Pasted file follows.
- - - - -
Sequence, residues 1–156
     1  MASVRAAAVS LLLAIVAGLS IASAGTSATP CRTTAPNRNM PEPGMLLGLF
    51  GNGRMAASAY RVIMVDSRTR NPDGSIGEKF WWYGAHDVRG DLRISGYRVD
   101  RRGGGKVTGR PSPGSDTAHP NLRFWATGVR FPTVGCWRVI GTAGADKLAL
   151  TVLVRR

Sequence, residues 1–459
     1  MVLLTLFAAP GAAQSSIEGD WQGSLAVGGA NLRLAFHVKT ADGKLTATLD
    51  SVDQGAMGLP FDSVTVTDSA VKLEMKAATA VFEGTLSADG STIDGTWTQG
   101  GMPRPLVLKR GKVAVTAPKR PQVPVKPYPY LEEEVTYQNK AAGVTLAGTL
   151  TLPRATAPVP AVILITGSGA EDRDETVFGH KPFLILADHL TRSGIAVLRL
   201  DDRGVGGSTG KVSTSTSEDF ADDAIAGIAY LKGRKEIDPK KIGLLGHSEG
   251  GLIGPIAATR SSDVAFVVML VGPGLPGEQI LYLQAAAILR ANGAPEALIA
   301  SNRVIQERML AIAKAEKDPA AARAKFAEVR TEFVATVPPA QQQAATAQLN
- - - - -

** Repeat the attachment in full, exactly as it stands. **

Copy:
Sequence, residues 1–156
     1  MASVRAAAVS LLLAIVAGLS IASAGTSATP CRTTAPNRNM PEPGMLLGLF
    51  GNGRMAASAY RVIMVDSRTR NPDGSIGEKF WWYGAHDVRG DLRISGYRVD
   101  RRGGGKVTGR PSPGSDTAHP NLRFWATGVR FPTVGCWRVI GTAGADKLAL
   151  TVLVRR

Sequence, residues 1–459
     1  MVLLTLFAAP GAAQSSIEGD WQGSLAVGGA NLRLAFHVKT ADGKLTATLD
    51  SVDQGAMGLP FDSVTVTDSA VKLEMKAATA VFEGTLSADG STIDGTWTQG
   101  GMPRPLVLKR GKVAVTAPKR PQVPVKPYPY LEEEVTYQNK AAGVTLAGTL
   151  TLPRATAPVP AVILITGSGA EDRDETVFGH KPFLILADHL TRSGIAVLRL
   201  DDRGVGGSTG KVSTSTSEDF ADDAIAGIAY LKGRKEIDPK KIGLLGHSEG
   251  GLIGPIAATR SSDVAFVVML VGPGLPGEQI LYLQAAAILR ANGAPEALIA
   301  SNRVIQERML AIAKAEKDPA AARAKFAEVR TEFVATVPPA QQQAATAQLN